By Stephanie Nebehay
GENEVA (Reuters) – The COVID-19 pandemic is still expanding, but the rise in cases and deaths has slowed globally, except for southeast Asia and the eastern Mediterranean regions, the World Health Organization (WHO) said.
In its latest epidemiological update, issued on Monday night, it said that the Americas remains the hardest-hit region, accounting for half of newly reported cases and 62% of the 39,240 deaths worldwide in the past week.
More than 23.65 million people have been reported to be infected by the coronavirus globally and 811,895 have died, according to a Reuters tally on Tuesday.
“Over 1.7 million new COVID-19 cases and 39,000 new deaths were reported to WHO for the week ending 23 August, a 4% decrease in the number of cases and (a 12% decrease) in the number of deaths compared to the previous week,” the WHO said.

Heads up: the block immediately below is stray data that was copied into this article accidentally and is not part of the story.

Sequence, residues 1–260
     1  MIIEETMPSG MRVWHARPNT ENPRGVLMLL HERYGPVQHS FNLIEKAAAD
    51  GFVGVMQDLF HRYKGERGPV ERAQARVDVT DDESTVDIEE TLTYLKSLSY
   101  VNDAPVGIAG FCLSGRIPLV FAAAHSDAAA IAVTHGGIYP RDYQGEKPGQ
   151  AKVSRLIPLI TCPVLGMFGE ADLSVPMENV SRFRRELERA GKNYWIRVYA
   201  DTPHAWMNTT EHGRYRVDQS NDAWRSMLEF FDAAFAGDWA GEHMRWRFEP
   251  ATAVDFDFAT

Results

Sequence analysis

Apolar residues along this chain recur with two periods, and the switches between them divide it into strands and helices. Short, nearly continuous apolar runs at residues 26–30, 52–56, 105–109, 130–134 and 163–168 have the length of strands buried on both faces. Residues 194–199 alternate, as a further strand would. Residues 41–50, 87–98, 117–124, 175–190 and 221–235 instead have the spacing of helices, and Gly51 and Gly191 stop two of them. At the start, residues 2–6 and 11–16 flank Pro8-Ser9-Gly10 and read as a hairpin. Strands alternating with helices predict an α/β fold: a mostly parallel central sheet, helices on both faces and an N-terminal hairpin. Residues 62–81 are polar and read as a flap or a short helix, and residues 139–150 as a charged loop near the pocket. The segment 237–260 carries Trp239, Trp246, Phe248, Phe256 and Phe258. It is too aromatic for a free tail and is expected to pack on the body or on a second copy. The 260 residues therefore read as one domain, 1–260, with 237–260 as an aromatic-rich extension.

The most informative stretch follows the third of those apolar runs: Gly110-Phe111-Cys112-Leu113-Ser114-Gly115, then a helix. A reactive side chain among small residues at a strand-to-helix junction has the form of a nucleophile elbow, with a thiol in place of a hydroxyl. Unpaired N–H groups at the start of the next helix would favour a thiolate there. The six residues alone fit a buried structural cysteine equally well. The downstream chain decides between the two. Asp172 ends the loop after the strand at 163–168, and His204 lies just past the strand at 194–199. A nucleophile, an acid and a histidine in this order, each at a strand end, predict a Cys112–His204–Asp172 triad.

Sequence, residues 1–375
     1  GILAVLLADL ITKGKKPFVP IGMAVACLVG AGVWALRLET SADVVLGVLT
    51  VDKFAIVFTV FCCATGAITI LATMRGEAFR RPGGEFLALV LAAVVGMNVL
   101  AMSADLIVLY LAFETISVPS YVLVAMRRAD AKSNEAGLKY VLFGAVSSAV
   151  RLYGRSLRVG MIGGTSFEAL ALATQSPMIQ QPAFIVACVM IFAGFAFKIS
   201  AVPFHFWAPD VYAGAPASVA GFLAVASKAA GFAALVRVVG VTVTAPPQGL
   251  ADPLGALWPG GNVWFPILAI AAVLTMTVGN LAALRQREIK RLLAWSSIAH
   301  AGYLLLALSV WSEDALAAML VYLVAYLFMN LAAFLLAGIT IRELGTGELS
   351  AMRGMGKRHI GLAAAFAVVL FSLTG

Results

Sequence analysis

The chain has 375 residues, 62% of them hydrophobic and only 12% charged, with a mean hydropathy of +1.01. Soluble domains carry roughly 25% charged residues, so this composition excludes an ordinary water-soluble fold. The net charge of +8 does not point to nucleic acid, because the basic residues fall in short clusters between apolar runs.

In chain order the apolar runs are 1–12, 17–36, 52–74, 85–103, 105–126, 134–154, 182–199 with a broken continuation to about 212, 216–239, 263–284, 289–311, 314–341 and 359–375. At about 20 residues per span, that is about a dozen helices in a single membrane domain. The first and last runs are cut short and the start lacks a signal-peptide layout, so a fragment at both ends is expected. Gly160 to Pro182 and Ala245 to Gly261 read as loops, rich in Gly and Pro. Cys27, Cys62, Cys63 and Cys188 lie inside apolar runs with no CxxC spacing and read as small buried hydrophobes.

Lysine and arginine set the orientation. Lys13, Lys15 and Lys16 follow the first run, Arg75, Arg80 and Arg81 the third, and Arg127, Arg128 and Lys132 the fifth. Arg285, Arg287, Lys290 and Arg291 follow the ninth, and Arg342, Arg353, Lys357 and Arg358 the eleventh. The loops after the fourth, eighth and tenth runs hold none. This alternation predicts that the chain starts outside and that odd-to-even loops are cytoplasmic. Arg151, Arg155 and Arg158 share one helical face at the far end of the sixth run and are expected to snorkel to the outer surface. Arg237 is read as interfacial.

Southeast Asia, the second most affected region, reported a jump accounting for 28% of new cases and 15% of deaths, it said. India continues to report the majority of cases, but the virus is also spreading rapidly in Nepal.
In WHO’s eastern Mediterranean region, the number of reported cases rose by 4%, but the number of reported deaths has consistently dropped over the last six weeks, the WHO said. Lebanon, Tunisia and Jordan reported the highest increase in cases compared to the previous week.
The number of cases and deaths reported across Africa decreased by 8% and 11% respectively in the past week, “primarily due to a decrease in cases reported in Algeria, Kenya, Ghana, Senegal and South Africa”, it said.
“In the European region, the number of cases reported has consistently increased over the last three weeks,” it said. “However, only a slight decrease (1%) was reported in the most recent week, and the number of deaths have continued to decrease across the region.”
In WHO’s western Pacific region, the number of new cases dropped by 5%, driven by less spread in Japan, Australia, Singapore, China and Vietnam. South Korea reported an 180% jump in cases, “mainly due to an increase in cases associated with religious gatherings”.
(Reporting by Stephanie Nebehay; Editing by Giles Elgood)